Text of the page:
A CE is subject to the “exit tax” or “mark-to-market” (MTM) regime which generally means that all property owned by the CE worldwide is treated as sold for its fair market value on the day before the expatriation date. This “pretend” gain is then taken into account for the tax year of the deemed sale and subject to tax, usually at capital gains rates. Various nuances apply that are not addressed in this post. For example, the MTM regime does not apply to certain assets such as the CE’s interest in trusts, pensions or deferred compensation. Further, an exception for a certain amount of gain (which is adjusted annually for inflation) is provided in the tax law. On account of this exception, some individuals may not be impacted by the “exit tax”, but the exception is calculated a very specific way and it does not apply to ownership in certain kinds of property. As such, professional guidance should be taken.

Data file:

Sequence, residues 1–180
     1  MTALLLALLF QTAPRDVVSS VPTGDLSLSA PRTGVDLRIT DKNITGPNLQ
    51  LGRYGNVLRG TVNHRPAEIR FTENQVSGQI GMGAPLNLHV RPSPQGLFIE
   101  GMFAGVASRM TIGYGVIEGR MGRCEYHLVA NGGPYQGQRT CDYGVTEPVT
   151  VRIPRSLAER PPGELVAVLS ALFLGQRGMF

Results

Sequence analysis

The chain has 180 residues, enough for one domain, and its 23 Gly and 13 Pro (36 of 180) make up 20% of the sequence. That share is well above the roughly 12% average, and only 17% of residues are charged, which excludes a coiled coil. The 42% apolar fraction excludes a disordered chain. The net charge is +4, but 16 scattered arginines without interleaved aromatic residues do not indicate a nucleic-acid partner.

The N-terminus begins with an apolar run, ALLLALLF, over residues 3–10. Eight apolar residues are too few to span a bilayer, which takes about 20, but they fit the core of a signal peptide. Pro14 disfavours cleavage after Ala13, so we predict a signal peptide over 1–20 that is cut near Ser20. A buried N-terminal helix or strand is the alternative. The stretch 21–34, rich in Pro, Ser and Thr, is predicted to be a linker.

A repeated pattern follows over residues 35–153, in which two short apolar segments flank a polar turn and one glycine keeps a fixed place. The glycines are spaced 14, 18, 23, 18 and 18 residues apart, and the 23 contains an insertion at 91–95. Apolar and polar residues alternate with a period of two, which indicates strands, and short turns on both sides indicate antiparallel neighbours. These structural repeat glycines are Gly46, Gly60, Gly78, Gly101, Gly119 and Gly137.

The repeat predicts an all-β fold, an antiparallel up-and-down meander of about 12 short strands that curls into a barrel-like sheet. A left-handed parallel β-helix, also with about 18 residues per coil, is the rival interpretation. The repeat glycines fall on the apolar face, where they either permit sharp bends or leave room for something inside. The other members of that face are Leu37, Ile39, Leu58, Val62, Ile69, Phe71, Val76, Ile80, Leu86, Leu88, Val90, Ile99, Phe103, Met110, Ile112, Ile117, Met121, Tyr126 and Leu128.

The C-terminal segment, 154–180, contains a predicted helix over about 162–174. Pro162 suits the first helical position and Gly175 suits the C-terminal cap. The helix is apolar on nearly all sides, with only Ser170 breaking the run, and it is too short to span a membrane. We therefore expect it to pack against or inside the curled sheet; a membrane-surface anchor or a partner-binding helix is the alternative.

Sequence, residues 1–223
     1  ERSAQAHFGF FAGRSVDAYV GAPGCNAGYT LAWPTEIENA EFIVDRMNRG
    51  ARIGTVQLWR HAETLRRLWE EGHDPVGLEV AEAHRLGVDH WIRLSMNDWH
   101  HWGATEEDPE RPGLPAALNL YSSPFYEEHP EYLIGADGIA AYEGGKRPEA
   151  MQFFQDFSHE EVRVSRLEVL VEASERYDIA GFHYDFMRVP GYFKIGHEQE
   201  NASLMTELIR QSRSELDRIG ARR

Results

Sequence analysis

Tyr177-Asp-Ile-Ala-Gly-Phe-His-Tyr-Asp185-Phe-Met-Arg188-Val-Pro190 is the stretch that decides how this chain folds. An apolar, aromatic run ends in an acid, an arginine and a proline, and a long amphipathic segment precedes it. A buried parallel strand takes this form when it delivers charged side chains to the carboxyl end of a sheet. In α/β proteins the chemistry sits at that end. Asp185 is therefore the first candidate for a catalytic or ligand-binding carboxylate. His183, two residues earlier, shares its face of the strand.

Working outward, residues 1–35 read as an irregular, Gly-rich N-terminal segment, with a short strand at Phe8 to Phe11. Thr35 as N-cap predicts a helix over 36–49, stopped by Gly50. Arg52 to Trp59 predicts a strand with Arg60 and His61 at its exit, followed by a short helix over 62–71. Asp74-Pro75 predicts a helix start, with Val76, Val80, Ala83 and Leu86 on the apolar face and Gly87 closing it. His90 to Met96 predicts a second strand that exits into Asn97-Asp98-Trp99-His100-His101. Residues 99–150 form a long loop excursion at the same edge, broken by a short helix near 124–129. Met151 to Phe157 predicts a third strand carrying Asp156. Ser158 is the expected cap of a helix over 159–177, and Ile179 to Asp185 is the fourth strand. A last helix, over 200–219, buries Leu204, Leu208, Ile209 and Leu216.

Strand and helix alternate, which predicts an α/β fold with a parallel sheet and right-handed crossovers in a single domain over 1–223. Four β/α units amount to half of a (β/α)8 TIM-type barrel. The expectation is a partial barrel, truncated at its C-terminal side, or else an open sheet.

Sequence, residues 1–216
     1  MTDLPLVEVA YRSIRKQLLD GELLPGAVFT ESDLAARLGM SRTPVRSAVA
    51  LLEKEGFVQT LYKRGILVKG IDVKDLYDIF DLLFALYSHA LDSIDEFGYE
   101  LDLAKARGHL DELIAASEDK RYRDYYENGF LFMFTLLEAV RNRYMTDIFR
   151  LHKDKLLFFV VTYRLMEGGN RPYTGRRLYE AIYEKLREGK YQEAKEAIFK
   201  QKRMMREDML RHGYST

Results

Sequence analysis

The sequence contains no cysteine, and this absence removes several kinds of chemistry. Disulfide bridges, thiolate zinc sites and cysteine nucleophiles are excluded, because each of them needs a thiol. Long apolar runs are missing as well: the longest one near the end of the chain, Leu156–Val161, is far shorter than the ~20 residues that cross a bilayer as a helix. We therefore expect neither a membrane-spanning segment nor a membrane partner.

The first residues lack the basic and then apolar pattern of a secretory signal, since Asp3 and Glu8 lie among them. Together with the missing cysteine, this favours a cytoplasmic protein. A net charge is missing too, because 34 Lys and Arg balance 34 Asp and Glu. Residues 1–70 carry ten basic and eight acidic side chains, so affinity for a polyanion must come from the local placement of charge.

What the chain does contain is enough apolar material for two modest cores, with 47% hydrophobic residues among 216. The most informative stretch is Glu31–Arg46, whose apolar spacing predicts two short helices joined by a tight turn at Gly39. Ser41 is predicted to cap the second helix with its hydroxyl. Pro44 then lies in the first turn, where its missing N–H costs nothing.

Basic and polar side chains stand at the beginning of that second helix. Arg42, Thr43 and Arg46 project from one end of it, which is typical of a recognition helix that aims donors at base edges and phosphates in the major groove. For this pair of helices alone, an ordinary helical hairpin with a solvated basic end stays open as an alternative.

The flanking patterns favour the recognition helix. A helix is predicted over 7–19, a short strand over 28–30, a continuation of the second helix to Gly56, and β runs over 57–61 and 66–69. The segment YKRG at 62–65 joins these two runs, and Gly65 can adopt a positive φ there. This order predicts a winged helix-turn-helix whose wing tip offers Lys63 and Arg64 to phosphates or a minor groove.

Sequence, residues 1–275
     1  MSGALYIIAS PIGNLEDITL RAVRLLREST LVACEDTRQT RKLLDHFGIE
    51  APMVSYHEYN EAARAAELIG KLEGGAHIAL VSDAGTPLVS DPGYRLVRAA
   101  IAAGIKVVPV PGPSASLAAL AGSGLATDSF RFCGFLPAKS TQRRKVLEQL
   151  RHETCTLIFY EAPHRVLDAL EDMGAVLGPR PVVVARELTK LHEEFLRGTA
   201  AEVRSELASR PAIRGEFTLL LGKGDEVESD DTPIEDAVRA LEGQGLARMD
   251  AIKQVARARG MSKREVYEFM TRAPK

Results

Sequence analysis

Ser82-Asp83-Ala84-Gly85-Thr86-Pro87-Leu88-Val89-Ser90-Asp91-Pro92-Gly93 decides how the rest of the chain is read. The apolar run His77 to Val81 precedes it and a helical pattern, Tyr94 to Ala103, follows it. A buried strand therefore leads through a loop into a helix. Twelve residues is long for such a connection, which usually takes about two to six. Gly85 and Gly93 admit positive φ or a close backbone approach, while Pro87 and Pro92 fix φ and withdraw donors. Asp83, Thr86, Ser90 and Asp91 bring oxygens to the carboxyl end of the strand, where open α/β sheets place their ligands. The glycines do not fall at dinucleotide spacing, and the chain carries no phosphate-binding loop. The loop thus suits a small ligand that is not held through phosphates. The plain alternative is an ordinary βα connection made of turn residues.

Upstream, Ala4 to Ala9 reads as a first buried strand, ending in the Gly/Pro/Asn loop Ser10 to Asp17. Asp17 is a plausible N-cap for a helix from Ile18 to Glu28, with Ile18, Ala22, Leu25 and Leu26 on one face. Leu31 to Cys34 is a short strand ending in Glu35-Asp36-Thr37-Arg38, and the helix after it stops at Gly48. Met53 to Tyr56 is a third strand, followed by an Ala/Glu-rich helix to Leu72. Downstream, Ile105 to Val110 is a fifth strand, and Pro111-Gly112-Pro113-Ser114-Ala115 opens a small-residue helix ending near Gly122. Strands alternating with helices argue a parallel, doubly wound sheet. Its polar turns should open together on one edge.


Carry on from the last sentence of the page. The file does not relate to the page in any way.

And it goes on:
Which Date to Use in Valuing Assets?
Different dates are used in working through the Form 8854.
Part II Section B of the Form 8854 provides a balance sheet to determine the individual’s net worth. All expatriating taxpayers must complete this section regardless of whether they are CEs. In calculating the individual’s net worth for purposes of the Net Worth Test, the fair market value of worldwide assets is determined on the date of the taxpayer’s expatriation (or termination of residency).
Part II Section C of the Form 8854 is the section where one determines the gain or loss for the MTM tax. This section is completed only by those individuals who are treated as a CE. In this Section, the taxpayer is to use the fair market value of assets on the day before the expatriation date.